- A cousin with the same name as the former president files to run
- Retired police general, 57, says he attended protests that led to his cousin's ouster
- He says his desire to help Egypt's economy recover motivated him to run
- Nearly 450 people have filed paperwork to run since the registration process opened
Egyptian voters may see a familiar name on the ballot when they head to the polls in presidential elections this spring.
Mohamed Hosni Mubarak, a cousin with the same name as the former president, is one of nearly 450 people who have registered to run.
The 57-year-old retired police general said he attended protests in Cairo's Tahrir Square last year that led to his cousin's ouster.
He said he hasn't spoken with the former president since then.
Even before the uprising that ended the elder Mubarak's 30-year rule, the younger cousin said their relations were distant. They only had a chance to chat at occasional funerals or family events, he said.
But the 83-year-old Mubarak's love for his country was clear, his cousin told Egypt's Al-Hayat TV.
"The former president loved Egypt, but was tricked by government officials surrounding him, who also prevented me from entering parliament in 2010 due to my name," he said.
The younger Mubarak said on Monday that he was still debating what route he will take toward his presidential bid. He said his desire to help Egypt's economy recover motivated him to run.
"I only want to see Egypt run by a president that concentrates on economic development and takes it to the top as a leading country in the region," he said.
In order to secure a spot on the ballot, Mubarak will need to collect 30,000 signatures from residents in at least 15 governorates. Candidates may also qualify with the backing of 30 members of parliament.
Since the registration process opened Saturday, 445 people have submitted paperwork to run, said Hatem Bagato, head of the executive election committee. Candidates have until April 8 to sign up.
The three-week campaign starts on April 30, Bagato said.
Elections are scheduled for two days beginning on May 23.
The vote will be a crucial step for the Egypt as the country reshapes its political infrastructure and lawmakers craft a new constitution.
Political support from the Muslim Brotherhood, which gained a majority of seats in parliamentary elections earlier this year, could be the key to presidential victory.
The moderate Muslim Brotherhood group this week said that they will announce the candidate they support "shortly."
Several high-profile candidates have already entered the race, including former government and military leaders, a television anchor and a former senior intelligence officer.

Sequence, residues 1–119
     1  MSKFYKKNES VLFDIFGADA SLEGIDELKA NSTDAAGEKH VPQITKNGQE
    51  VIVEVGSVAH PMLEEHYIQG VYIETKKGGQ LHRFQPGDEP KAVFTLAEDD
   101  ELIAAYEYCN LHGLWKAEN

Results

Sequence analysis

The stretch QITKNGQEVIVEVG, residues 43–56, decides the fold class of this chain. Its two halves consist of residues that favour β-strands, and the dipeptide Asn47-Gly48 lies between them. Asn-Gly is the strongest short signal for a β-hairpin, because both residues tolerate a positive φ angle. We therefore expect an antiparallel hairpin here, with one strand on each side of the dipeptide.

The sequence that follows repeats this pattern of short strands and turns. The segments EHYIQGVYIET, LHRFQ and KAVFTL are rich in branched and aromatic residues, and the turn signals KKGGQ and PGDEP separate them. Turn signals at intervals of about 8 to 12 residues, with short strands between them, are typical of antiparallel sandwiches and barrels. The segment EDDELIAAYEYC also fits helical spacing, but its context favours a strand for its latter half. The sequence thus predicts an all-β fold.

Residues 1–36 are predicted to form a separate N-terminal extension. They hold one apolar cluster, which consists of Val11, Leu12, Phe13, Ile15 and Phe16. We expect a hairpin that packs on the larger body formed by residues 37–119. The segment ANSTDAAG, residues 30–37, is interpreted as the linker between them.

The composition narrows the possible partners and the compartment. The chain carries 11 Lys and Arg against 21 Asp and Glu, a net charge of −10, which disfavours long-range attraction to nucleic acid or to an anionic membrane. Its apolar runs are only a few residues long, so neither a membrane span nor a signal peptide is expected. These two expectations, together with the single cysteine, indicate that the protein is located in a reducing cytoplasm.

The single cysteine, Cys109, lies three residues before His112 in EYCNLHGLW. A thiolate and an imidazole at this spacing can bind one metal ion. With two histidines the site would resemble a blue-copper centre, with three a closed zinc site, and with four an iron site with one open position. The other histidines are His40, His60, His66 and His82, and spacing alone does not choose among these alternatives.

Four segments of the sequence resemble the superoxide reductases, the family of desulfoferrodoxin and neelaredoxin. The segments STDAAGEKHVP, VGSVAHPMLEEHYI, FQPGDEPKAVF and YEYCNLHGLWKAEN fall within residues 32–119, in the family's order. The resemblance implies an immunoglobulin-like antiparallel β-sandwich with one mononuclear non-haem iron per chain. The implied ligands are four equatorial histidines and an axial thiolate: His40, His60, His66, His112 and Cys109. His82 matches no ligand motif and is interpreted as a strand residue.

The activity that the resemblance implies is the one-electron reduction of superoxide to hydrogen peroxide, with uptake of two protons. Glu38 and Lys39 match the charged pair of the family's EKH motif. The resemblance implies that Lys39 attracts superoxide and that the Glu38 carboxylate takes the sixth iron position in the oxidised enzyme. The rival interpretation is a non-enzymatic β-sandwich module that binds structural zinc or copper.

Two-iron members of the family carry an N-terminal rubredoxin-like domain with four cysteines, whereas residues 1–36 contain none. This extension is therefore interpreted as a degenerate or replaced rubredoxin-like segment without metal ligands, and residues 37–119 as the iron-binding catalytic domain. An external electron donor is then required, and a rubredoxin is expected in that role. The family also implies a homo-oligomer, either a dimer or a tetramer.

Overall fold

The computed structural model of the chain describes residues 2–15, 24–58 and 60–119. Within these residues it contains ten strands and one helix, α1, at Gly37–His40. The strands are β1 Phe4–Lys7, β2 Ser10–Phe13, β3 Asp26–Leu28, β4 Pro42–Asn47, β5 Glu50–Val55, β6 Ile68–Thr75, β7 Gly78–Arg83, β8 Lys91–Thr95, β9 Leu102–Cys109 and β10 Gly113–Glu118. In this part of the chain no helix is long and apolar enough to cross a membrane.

Journalists' cameras have also captured photos of lesser-known candidates, including teachers, journalists, merchants and laborers, outside the election committee headquarters.
The wide pool of candidates, some of whom do not have college educations, has drawn sharp criticism from some contenders.
"Many of the candidates are running for fame and seeking attention after decades of injustice in Egypt. Yet, a minimum requirement of a high school diploma or its equivalent is a joke," said Dr. Abdullah Shallan, a presidential candidate and former ambassador at the foreign ministry from 1993 to 2003.
Advertising spending restrictions of 10 million Egyptian pounds ($1.5 million) per candidate during the three-week campaign period have also come under fire.
Election officials have said they will confiscate any campaign posters hung before the campaigning period and will "punish" those candidates who spend more than the amount allowed.
Critics say such restrictions are impossible to enforce.
"This is another example of the inefficiency of the election committee, because there is no way of monitoring the expenses and many candidates have already been advertising for months," said Shallan, who is also a political science professor at the American University in Cairo.
Officials are scheduled to announce the election results on June 21, 10 days before the ruling military council, the Supreme Council of the Armed Forces, has said it will hand over authority to an elected government.
The military council has ruled since February 2011, after a groundswell of pro-democracy popular protests toppled Mubarak's presidency.
The ailing former president has been on trial on charges of corruption and ordering the deaths of hundreds of people who protested against his regime. He has denied the charges.
The final verdict and sentencing in that case are scheduled for June 2.